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Leigh Day clients give evidence at Nursing and Midwifery Council hearing

New-born Riley Croft died at the Royal Free Hospital in 2005

Photo courtesy Heather Paterson + Iain Croft

8 June 2011

Riley Croft died of asphyxia 35 minutes after his birth on March 25, 2005 at the Royal Free Hospital in London.  His parents, Heather Paterson and Iain Croft, asked Leigh Day partner Sally-Jean Nicholes for help in obtaining justice.

An inquest jury at St Pancras Coroner's Court found that neglect by medical staff contributed to his death.

On advice from Sally Jean Nicholes, following the inquest they made a complaint to the Nursing and Midwifery Council (NMC) about the two midwives who were involved, Bevereley Blankson and Inegbagha Biobelemove Toby, who were working at the Royal Free Hospital.
 
The NMC found that during Ms Paterson’s long labour the two midwives failed to promote the health and well being of Ms Paterson whilst she was in their care by:

  • Failing to review the cardiotocograph (CTG) of the patient when they took over her care
  • Failing to recognise deviations from the normal on the CTF throughout their care of the patient
  • Incorrectly assessed and/or recorded the CTG as showing baseline foetal heart rate of 140bpm, when it was approximately 160bpm
  • Did not perform and/or record hourly maternal observations
  • Discontinued the CTG without the seeking assistance of a medical practitioner; considering whether there was another CTG monitor available; or changing the position of the patient
  • Did not monitor the foetal heart rate and/or did not record the foetal heart rate in the patient’s notes
  • When CTG was recommenced at 01.00 incorrectly assessed the CTG as showing moderate when the contractions were showing as strong and/or painful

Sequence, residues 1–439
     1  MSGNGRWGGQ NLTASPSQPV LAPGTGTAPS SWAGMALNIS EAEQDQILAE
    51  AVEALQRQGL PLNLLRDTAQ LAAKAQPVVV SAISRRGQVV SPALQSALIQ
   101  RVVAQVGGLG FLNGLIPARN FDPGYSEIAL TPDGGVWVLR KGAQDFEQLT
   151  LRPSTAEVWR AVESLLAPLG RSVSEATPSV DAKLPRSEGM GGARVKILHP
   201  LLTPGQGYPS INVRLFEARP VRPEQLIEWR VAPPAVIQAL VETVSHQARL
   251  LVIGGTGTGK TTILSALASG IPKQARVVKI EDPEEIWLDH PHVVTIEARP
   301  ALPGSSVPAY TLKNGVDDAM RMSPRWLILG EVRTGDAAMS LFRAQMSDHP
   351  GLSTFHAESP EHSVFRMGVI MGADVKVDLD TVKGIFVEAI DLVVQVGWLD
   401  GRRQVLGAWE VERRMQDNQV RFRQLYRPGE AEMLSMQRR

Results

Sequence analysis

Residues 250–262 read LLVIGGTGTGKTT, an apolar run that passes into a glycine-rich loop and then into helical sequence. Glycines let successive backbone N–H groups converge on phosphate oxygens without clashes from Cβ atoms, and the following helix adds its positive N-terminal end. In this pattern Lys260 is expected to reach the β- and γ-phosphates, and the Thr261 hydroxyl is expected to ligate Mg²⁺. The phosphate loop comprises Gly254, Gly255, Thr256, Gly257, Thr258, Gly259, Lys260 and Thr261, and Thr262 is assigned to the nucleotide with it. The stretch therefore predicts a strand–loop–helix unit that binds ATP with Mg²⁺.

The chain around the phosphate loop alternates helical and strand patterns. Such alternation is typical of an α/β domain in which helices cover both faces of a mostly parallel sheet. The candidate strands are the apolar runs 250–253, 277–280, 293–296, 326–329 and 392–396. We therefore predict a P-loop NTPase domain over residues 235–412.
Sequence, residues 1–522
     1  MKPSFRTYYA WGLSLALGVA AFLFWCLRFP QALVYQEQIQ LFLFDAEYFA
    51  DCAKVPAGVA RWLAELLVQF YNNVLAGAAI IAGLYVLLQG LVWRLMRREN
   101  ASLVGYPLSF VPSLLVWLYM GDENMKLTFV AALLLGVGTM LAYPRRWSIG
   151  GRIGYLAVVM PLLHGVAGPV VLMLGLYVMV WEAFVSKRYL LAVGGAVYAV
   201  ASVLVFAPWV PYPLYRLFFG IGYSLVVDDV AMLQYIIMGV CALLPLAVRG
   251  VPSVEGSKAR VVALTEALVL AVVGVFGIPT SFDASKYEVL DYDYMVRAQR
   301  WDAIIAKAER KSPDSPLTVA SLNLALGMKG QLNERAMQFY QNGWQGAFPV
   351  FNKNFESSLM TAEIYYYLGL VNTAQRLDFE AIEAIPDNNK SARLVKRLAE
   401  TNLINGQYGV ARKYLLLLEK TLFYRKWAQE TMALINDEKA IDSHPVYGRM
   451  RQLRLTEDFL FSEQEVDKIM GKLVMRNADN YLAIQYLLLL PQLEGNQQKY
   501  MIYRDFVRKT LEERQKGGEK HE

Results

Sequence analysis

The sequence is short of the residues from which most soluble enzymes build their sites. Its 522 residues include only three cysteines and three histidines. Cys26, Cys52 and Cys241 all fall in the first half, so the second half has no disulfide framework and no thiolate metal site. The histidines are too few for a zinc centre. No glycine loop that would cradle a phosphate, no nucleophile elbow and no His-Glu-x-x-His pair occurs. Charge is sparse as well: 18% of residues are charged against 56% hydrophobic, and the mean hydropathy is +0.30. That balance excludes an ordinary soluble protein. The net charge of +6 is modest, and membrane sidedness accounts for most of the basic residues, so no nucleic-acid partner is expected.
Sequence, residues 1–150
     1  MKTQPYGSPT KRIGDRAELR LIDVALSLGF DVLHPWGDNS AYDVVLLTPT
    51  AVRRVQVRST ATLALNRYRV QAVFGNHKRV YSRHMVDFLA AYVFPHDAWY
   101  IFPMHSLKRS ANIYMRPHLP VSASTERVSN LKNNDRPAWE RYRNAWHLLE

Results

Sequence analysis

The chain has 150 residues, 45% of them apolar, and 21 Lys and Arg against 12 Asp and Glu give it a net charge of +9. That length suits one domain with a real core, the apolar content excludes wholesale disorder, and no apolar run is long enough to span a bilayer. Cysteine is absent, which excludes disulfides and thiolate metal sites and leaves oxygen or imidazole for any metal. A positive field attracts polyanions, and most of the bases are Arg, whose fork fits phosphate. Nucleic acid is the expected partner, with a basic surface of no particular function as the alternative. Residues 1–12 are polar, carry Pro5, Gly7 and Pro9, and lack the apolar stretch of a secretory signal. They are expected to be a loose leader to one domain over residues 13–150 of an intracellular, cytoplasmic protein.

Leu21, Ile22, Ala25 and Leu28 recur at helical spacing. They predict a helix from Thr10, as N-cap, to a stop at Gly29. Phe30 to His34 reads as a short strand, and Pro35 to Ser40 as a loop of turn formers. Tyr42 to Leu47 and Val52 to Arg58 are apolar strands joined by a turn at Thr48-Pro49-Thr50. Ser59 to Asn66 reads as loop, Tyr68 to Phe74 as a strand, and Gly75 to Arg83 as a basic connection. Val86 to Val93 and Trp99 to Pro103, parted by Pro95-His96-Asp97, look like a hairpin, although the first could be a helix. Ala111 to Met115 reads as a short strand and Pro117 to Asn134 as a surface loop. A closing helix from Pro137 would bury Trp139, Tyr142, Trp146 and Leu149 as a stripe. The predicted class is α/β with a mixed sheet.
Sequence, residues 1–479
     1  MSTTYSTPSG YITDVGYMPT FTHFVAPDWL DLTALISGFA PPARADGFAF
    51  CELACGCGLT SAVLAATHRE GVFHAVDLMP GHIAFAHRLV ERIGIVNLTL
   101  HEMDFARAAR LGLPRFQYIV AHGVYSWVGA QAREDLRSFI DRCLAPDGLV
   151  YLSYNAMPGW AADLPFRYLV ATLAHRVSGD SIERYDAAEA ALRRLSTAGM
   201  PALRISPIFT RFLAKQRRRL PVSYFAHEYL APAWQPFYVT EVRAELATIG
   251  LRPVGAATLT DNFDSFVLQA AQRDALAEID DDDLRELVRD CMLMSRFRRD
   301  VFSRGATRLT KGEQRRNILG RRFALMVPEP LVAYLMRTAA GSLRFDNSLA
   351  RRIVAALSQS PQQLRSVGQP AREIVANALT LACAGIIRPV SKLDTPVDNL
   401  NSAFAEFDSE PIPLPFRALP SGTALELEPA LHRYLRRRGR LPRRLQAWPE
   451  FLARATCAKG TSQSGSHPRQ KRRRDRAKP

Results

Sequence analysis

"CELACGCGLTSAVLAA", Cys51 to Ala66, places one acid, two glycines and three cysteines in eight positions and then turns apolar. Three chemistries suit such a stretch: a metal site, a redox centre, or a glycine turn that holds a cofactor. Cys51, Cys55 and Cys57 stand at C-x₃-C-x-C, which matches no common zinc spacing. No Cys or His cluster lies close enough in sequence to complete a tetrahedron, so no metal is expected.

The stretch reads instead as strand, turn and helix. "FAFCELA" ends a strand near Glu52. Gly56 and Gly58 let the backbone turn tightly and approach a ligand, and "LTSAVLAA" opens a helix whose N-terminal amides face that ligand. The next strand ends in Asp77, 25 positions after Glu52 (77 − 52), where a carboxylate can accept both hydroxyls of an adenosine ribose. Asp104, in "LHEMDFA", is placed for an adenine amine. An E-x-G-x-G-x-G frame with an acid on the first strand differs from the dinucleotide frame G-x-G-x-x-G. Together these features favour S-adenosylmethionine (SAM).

• Did not recognise that the patient  was in established labour.
  • Did not carry out a review of the CTG when the patient was handed over to the labour ward
  • At various times did not respond to cries for help from the patient
  • Failed to promote the health and well being of patient in relation to the administration of Prostin which was administered at approximately, 21.50 hours, in that they: a) Did not check with the prescribing practitioner the circumstances in relation to the range prescribed; b) Incorrectly calculated the Bishop’s Score; c) Administered 2 mg of Prostin contrary to the Trust’s Policy of 1 mg; d) Did not record on the drug chart the dose administered to the patient; e) Did not record baseline observations before and after the administration of Prostin; f) Did not recognise suspicious uterine activity and foetal heart rate after they had administered Prostin; g) Did not to seek medical assistance
  • Administered Pethidine to the patient , without obtaining informed consent, and in the circumstances they should not have administered Pethidine to the patient,  in particular they: a) Did not take account of the patient’s birth plan, which indicated that that the patient had an adverse reaction to Pethidine; b) Did not take account of the fact that the patient, had indicated that she did not want Pethidine and they said; it is ‘Pethidine or pain’ or words to that effect.; c) Did not advise the patient of alternative forms of pain relief.
  • Failed to respect the personal integrity and dignity of the patient , in that they made inappropriate comments, in particular, you said: a) ‘No pain no gain’ or words to that effect; b) ‘If Mohammed wont come to the mountain’ or words to that effect; c) ‘Shut up’ or words to that effect; d) You are a silly girl, you do not deserve this baby, I am going to take it off you’ or words to that effect.

The Nursing and Midwifery Council Tribunal opened the disciplinary hearing on 24 May. After hearing evidence over five days, the Panel found the substantial charges brought by the NMC proven and that both midwives’ fitness to practice had been and continued to be impaired, despite subsequent training. More details here. The Tribunal has adjourned to consider the appropriate sanctions.

Sally-Jean Nicholes said: “Despite their harrowing experience at the Royal Free Hospital, and the inquest into their son’s death, our clients felt able to make a formal complaint about the midwives who worked at the unit where their son died. They did this knowing that they would have to go through the painful experience of giving evidence and re-living the terrible time they had experienced at the hospital. They did this to ensure that they had done all they could to prevent others having to suffer as they did.

If you have experienced a badly-handled labour and would like to speak to a lawyer about it please contact Sally-Jean Nicholes on 020 7650 1200 for a free initial consultation.

Information was correct at time of publishing. See terms and conditions for further details.

Information was correct at time of publishing. See terms and conditions for further details.

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